The Shiba Ainu: A Monumental Dog

Named for the Ainu tribe of Japan, the Ainu Dog is a Japanese variety of Spitz and is rarely seen outside of that country. While his origins are unknown, it is said that the Ainu (also known as the Hokkaido Dog, Hokkaidoken, Ainu-Ken or Ainu Inu) first arrived in Japan more than 3,000 years ago, when the Ainu tribe brought this sturdy little Spitz-typed dog with them. As the Japanese people grew in numbers, the Ainu were pushed onto the island, Hokkaido, and with time, their dogs became unique to this island. Not surprisingly, itís said that the Ainu Dog has changed little over the centuries, having adapted well to his role as a village guardian and companion of the Ainu tribe. Ever-alert and watchful, the Ainu is protective of his family and suspicious of virtually all newcomers, making them well-suited as a watch or guard dog.

It is believed that the Ainu Dog may very well be the oldest of all the Japanese breeds. Bearing close resemblance to the first Ainu Dogs that populated the island 3,000 years ago, the Ainu is a lithely muscled canine with a sturdy appearance and light, quick gait. Possessing powerful hindquarters and lean, straight forelegs, the Ainu Dog is also commonly used as a draft animal and they are well-suited to life as a primarily outdoor-dog. Their coat is known for being straight and harsh, with a double-coat covering the hindquarters, and a tail that curls into a circle, typical of the Spitz breeds. The Ainu Dog comes in brindle, brown, sesame, red, wolf gray, and white coat colors.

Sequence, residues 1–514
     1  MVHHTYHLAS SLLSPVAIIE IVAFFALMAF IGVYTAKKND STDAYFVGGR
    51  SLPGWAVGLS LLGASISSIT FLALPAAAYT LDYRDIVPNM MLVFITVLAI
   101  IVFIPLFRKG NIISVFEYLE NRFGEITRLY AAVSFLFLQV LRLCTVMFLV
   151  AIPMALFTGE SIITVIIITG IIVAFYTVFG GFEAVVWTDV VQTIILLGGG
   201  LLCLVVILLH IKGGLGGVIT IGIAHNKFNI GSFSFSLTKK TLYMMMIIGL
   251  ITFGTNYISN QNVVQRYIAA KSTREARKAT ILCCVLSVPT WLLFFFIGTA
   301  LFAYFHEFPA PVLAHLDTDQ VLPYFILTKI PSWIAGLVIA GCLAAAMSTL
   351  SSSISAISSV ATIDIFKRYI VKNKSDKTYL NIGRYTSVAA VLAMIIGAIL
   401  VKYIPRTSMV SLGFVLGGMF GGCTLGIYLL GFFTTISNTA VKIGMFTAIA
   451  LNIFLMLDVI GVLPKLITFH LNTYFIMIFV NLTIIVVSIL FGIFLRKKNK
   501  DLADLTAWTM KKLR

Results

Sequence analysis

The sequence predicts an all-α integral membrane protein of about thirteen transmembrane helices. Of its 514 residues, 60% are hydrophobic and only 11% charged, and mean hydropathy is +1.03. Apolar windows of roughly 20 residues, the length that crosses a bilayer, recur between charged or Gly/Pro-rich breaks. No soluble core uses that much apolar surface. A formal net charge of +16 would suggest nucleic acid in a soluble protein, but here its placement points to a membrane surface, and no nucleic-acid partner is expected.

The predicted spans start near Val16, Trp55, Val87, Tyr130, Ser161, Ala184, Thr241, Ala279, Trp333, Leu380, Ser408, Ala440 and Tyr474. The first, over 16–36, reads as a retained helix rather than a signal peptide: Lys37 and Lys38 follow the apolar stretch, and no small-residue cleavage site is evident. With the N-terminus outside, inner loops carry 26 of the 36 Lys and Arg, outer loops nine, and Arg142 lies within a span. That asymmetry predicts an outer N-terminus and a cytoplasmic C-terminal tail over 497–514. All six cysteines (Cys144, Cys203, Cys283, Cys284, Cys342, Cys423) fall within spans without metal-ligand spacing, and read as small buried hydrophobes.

Surprisingly, a number of Ainu Dogs possess the blue-black tongues which are commonly attributed to members of the Chow Chow or Shar Pei lineage. This suggests that, perhaps, these breeds and the Ainu may share common a common ancestry. Even while his exact origins and bloodlines may remain unknown, however, the Ainu Dog has set itself apart from many other dogs, in that it is skilled not only as a big-game hunting dog (particularly used in hunting bears), a watchful guard dog, and as a hard-working draft animal. They have been used to pull sleds, for defense, and as skilled scenting hounds, further setting them apart from other dogs in their versatility.

While the Ainu Dog makes an excellent and loyal pet, his natural instinct to hunt means that he should not be left alone or allowed to run freely around other animals. Ainu can be good with children, provided that they are raised with them, though it is always good practice to supervise any small children when they are with the family (or any other) pets. Before introducing an Ainu Dog into your home, you should always take some time to get to know them a little and slowly introduce them to family members and pets. Not only will this help set your dog at ease, but will also you to judge how your dog will react when off the leash. The Ainu Dog has been recognized as a Japanese monument since 1937.

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